What Could Have Been Entering the Public Domain on January 1, 2012?

Screen Shot 2014-12-31 at 2.02.05 PMCurrent US law extends copyright protection for 70 years after the date of the author’s death. (Corporate “works-for-hire” are copyrighted for 95 years after publication.) But prior to the 1976 Copyright Act (which became effective in 1978), the maximum copyright term was 56 years (an initial term of 28 years, renewable for another 28 years). Under those laws, works published in 1955 would be passing into the public domain on January 1, 2012.

What might you be able to read or print online, quote as much as you want, or translate, republish or make a play or a movie from? In this centennial year of the sinking of R.M.S. Titanic (April 15, 1912), how about Walter Lord’s A Night to Remember? Lord first published A Night to Remember in 1955. If we were still under the copyright laws that were in effect until 1978, A Night to Remember would be entering the public domain on January 1, 2012 (even assuming that Lord or his publisher had renewed the copyright). Under current copyright law, we’ll have to wait until 2051. This is because the copyright term for works published between 1950 and 1963 was extended to 95 years from the date of publication, so long as the works were published with a copyright notice and the term renewed (which is generally the case with famous works such as this). All of these works from 1955 won’t enter the public domain until 2051.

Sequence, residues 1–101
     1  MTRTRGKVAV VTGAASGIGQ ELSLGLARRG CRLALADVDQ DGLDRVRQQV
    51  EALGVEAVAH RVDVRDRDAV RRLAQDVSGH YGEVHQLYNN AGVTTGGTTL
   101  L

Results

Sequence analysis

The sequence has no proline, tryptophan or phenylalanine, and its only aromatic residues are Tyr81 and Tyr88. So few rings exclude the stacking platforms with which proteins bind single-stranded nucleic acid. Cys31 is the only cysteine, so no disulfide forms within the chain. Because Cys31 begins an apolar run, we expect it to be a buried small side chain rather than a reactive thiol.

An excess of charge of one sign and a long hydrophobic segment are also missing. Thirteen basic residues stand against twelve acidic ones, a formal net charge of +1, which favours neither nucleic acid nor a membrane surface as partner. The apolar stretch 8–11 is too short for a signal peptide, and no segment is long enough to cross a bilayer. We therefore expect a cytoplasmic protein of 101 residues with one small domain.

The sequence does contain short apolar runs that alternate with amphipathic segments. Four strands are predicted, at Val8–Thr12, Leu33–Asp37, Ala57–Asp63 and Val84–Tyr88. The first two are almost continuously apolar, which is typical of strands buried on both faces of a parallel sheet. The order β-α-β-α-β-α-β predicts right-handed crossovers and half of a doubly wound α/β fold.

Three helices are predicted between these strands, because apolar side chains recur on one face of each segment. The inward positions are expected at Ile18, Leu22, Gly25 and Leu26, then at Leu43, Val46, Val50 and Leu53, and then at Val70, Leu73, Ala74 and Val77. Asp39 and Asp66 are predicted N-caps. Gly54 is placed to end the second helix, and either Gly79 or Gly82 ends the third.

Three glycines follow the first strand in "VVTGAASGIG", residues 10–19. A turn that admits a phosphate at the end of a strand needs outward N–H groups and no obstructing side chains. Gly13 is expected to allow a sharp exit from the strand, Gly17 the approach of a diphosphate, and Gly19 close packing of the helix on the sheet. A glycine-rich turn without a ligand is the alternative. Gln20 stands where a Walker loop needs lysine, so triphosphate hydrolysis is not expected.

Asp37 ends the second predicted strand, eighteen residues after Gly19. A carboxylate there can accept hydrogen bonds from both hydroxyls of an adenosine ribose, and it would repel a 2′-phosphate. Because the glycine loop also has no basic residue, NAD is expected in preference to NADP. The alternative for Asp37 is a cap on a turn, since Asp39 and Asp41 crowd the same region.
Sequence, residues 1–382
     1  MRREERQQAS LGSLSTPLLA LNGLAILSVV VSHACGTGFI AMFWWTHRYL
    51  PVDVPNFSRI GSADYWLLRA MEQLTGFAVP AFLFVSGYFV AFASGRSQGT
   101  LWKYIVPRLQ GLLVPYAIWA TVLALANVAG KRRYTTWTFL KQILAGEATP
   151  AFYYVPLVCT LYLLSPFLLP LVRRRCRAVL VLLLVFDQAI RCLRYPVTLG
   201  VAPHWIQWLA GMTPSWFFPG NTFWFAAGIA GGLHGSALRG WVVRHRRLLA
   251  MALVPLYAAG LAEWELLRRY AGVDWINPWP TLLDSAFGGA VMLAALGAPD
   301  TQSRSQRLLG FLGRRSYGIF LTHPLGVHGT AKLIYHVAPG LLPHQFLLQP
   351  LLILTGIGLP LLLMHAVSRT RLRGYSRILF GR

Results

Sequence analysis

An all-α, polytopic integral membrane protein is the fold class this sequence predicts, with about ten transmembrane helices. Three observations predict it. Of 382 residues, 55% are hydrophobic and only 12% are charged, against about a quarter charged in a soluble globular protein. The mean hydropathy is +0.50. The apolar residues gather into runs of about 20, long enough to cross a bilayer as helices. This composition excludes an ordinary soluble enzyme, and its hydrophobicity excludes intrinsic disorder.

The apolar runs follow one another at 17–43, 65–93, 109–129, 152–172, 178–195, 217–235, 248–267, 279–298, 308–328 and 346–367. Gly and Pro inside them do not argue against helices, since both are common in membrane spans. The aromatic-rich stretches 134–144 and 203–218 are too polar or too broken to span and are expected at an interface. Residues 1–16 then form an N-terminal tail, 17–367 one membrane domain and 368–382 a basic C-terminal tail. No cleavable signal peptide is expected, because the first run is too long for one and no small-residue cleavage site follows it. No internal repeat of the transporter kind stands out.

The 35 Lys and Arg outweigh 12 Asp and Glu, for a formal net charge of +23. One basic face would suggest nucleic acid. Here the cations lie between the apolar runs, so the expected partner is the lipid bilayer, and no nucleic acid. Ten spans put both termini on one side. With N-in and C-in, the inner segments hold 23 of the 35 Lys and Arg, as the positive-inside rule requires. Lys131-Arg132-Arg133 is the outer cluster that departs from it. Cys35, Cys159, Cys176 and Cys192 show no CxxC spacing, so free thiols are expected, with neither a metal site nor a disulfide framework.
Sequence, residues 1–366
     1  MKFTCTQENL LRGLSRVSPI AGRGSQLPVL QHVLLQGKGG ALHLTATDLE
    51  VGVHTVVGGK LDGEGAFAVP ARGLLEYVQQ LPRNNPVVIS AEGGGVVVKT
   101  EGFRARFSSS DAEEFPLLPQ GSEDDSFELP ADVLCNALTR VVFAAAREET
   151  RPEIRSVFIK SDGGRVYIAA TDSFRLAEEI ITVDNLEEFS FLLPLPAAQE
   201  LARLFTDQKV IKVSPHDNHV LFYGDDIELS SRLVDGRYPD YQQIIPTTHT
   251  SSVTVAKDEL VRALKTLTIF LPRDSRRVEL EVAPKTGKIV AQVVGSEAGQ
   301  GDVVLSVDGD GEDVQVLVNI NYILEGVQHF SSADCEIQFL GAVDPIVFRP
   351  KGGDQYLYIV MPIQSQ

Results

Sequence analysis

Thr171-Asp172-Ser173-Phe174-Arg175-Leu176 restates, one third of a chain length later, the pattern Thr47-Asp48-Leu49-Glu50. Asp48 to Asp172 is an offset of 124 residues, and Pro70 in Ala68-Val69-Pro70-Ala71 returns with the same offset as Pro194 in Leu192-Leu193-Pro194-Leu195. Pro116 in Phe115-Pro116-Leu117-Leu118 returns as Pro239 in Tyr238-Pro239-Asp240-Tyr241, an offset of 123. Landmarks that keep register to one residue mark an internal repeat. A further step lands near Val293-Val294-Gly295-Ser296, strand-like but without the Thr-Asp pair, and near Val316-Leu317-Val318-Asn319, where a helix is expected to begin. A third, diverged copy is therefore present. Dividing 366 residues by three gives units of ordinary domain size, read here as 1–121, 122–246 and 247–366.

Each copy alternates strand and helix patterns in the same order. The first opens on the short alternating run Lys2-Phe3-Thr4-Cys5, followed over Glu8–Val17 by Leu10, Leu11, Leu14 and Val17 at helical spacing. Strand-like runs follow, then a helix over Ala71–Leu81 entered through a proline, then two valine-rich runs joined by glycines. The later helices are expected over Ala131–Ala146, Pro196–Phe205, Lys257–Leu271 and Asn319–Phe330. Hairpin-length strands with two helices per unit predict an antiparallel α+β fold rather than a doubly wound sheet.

What Could Have Been Entering the Public Domain on January 1, 2012?.

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